Boys and Girls Club gets zoning variances to allow its expansion

With a vision of expanding the physical space, number of kids served, and breadth of programs offered, the Ridgefield Boys and Girls Club won variances from the Zoning Board of Appeals Monday night, Sept. 17.

“We’re really in the quiet planning phase of this whole thing,” said Boys and Girls Club executive director Michael Flynn.

It’ll be a while before there’s a shovel in the ground.

“Probably two or three years, with the planning and the work that needs to get done, to have this be a reality,” Flynn said.

The expansion plan allows the club’s leadership to pursue a cluster of related goals.

“We continue to grow in both our middle school and high school populations,” Flynn said. “So a large portion of the plans would be to enhance the experience for those kids and focus on things like job readiness programming, giving a little more space for educational type programs, more space for leadership development programing — just enhancing the programs for middle school and high school age groups,” Flynn said.

“Doing that, we’d be able to enhance programs offered for our elementary age kids,” he said. “There’ll be more opportunities for all our age groups, as well as capacity for the growing numbers…

“The idea would be to make sure we have more space as we continue to grow, but also to enhance the experience and enhance our programming.”

The club serves a substantial portion of Ridgefield’s young people.

“Right now, we have about 2,800 registered members, which are regular users — whether for summer camp, after school, or teen programs. That’s our club community.”

There’s a larger number of youngsters who use the club facility, however, even though they aren’t members or regulars. This would include kids in basketball and baseball leagues that use the facilities, kids who go to birthday parties there when the facility is rented out.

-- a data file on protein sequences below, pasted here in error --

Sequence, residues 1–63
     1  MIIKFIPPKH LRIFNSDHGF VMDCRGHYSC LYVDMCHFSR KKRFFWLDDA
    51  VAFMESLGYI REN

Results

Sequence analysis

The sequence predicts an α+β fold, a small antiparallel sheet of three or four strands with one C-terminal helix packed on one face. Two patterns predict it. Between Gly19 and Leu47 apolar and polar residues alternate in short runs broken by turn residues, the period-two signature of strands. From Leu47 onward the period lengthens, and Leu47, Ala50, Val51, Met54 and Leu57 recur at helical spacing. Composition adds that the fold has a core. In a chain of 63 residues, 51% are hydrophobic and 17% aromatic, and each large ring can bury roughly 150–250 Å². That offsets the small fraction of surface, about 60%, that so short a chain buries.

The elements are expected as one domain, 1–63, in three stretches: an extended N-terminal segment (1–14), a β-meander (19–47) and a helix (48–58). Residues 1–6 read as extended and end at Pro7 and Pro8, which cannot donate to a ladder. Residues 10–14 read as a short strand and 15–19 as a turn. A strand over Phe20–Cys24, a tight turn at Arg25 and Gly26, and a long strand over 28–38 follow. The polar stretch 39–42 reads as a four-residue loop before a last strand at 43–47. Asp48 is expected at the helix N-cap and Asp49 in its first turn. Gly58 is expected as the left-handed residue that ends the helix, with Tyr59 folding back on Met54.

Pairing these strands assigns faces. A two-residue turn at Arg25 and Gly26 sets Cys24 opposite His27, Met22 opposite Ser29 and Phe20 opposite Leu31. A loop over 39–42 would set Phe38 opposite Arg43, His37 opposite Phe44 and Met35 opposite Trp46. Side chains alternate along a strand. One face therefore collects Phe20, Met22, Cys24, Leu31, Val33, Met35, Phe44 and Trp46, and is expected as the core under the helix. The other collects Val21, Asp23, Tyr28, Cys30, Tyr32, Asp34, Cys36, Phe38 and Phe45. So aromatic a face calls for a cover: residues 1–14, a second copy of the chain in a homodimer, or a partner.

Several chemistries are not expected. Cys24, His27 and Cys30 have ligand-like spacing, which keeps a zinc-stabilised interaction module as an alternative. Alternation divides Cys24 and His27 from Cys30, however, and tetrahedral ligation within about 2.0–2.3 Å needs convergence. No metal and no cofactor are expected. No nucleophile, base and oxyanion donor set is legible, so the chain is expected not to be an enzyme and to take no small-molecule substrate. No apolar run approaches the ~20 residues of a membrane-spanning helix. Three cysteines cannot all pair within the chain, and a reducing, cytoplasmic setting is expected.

Counting all that, about 4,800 kids use the club in some way each year.

“Basically, eight out of every 10 kids access the club through the year,” Flynn said.

At the Sept. 17 Zoning Board of Appeals meeting the Boys and Girls Club unanimously got variances of lot coverage and floor area ratio regulations to accommodate plans by architect Jeff Mose that involve adding close to 13,000 square feet to the existing 17,000-square-foot building that would make it over 29,000 square feet.

An initial proposal about a year ago sought to address the zoning restrictions at the site by enlarging the Main Street area commercial zone to include the club — which is in a one-acre residential zone. But the idea of a bigger commercial zone raised concerns among some neighbors.

The variances allow the club to pursue its growth plans, without expanding the commercial district.

“We’re excited that we’ve got to a point of being able to get some approvals,” Flynn said, “that  we know we can do a project here to expand the facility and continue to grow and serve the kids.”